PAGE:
PUCN Advances Rooftop, Utility Solar Opportunities in Northern Nevada
The Public Utilities Commission of Nevada (PUCN) today unanimously approved two rulings that advocates say will help clear the way for rooftop and utility-scale solar development in NV Energy’s Sierra Pacific Power Company service territory of Northern Nevada. Earthjustice and Vote Solar, non-profit organizations active in both dockets, applauded the progress and encouraged Nevada’s leaders to establish a long-term plan for expanding solar opportunity once and for all.
First, as part of the rate case, the PUCN ruled that “the policy of the state of Nevada clearly supports the development and growth of diverse forms of solar and renewable energy as a priority,” including rooftop solar. Reversing a decision from last year, which the Commission recognized that its previous order “all but crushed the rooftop solar industry in Northern Nevada,” today’s decision finds that an additional 6 megawatts of rooftop solar beginning on January 1, 2017, is in the public interest and left open a possible extension in the future. The decision also calls for a collaborative approach to unlock the full benefit of solar. While it does not set a long-term plan for solar customers, this decision clears the way for continued rooftop solar investment in the short-term and explicitly departs from the PUCN’s late 2015 decision to gut net metering, which crippled the state’s once-thriving solar industry. Nevada Power is expected to address net metering for Southern Nevada customers in its June 2017 rate case.
“The Commission took a small but important step toward re-aligning rates with the goals that state policymakers and the people of Nevada share: to see more homegrown solar powering their communities and their economy,” said Jessica Scott, Regional Director, Interior West for Vote Solar. "Today’s votes signal that Nevada is ready to lead on solar once again, and we look forward to continuing to work with regulators and lawmakers to chart that strong long-term path forward.”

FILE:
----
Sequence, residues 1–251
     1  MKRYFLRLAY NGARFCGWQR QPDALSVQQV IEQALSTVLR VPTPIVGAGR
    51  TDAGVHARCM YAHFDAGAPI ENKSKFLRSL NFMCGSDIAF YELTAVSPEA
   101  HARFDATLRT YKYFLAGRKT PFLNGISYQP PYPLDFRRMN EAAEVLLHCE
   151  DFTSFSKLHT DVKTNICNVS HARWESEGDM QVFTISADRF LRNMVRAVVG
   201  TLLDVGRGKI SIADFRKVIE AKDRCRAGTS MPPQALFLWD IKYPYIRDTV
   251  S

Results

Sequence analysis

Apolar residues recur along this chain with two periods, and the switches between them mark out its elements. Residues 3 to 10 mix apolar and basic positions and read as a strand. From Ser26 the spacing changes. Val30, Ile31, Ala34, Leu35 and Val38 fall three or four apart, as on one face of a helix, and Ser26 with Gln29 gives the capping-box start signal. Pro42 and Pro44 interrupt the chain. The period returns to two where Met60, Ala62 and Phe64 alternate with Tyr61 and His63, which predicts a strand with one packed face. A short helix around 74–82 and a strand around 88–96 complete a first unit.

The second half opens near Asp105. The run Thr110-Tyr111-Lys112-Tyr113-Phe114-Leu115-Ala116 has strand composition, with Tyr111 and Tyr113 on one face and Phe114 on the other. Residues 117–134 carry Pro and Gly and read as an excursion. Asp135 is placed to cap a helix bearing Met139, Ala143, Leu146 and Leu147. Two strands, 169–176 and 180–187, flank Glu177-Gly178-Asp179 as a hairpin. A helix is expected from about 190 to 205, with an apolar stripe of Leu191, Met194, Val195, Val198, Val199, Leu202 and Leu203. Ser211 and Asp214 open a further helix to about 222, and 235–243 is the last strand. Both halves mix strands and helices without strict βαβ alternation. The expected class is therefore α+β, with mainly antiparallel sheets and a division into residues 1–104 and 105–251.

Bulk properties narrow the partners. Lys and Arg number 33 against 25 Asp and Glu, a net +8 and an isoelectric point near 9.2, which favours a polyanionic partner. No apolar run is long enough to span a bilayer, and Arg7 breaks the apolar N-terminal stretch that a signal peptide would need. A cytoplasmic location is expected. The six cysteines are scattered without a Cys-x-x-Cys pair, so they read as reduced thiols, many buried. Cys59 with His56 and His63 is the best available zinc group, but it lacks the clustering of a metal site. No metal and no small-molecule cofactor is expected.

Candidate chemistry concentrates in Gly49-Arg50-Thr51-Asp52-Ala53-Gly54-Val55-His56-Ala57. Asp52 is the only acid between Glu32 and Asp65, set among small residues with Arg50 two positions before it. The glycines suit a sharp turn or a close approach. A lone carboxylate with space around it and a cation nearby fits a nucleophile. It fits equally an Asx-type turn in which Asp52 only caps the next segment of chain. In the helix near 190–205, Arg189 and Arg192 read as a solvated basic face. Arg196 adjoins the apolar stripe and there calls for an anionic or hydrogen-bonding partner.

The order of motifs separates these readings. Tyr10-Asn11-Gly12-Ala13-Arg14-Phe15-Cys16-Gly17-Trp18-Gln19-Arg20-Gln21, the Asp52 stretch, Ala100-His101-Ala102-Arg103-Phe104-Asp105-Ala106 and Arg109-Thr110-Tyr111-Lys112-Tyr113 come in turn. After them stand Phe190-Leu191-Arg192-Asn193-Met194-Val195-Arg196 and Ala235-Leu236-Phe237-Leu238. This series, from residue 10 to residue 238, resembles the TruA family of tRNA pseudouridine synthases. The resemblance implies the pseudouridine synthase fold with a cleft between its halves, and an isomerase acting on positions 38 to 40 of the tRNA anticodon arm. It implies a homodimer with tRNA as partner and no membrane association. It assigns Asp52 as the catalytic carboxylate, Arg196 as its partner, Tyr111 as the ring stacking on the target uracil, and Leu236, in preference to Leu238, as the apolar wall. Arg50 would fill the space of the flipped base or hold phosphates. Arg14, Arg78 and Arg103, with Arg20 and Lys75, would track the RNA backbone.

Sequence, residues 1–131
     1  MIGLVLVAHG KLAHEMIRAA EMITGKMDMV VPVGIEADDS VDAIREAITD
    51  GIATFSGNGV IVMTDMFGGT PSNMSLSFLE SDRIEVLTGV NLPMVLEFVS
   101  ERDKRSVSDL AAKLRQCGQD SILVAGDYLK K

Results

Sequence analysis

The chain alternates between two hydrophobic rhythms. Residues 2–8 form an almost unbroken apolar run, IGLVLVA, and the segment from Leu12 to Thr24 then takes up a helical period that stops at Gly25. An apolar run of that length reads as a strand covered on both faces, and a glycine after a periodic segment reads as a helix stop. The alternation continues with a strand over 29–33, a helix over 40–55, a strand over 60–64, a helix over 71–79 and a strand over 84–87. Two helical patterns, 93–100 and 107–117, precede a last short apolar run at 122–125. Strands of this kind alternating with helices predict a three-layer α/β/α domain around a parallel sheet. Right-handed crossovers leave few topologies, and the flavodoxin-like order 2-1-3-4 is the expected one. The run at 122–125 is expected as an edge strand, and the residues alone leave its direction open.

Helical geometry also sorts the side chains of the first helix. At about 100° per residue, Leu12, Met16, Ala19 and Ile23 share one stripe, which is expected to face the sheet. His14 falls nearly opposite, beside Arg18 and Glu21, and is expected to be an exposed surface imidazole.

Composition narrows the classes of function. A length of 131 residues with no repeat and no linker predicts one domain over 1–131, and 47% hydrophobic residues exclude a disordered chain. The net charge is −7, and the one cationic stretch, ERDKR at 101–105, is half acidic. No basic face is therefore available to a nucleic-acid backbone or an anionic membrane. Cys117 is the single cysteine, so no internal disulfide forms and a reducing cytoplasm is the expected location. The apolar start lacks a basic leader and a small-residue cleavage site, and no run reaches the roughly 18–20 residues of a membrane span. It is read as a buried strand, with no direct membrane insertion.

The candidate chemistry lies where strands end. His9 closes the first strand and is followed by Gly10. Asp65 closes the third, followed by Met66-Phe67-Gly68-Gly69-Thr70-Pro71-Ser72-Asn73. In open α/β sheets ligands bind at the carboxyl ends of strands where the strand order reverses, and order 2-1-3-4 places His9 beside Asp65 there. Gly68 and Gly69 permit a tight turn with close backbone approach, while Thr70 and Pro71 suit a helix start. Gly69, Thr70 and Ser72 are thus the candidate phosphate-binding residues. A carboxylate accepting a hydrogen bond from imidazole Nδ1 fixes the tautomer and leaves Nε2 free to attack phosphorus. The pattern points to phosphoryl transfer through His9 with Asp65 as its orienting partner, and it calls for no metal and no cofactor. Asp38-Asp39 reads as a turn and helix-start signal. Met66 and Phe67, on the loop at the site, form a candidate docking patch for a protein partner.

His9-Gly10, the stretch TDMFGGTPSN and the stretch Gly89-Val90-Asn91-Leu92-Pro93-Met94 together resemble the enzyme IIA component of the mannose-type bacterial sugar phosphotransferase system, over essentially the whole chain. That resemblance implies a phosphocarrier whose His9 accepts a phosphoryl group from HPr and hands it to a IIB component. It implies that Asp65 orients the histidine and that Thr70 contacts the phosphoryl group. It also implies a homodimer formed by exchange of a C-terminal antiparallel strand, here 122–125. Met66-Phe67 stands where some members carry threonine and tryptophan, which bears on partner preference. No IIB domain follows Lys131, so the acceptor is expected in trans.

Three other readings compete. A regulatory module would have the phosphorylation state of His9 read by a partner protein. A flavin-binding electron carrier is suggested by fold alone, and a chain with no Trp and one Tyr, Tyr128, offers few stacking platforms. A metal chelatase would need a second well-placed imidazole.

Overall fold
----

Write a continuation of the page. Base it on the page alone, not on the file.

The PUCN also approved the utility’s integrated resource plan that improves contract terms for new, larger-scale solar power plants to provide reliable, cost-effective electricity in northern Nevada. Specifically, the Commission required SPPC to offer to buy clean power generated by solar based on the savings to ratepayers of not building and running more expensive fossil fueled generation. The PUCN also required that contracts for clean energy be for 25 years, rather that the 10 years the utility requested. Additional hearings may be held to set the specific price for clean energy purchased from large solar plants, but the PUCN clearly rejected the utility’s proposal to offer prices that would have discouraged additional solar.
“Today the PUCN affirmed that solar power is ready to be a significant, competitive energy resource for the people of Nevada—and that the utility has once again underestimated and undervalued this plentiful renewable resource,” said David Bender, Clean Energy attorney at Earthjustice. “Clearing the way for investment in solar power of all sizes, whether on rooftops or in utility-scale plants, builds healthier communities, creates good local jobs, and helps make Nevada the clean energy leader it should be.”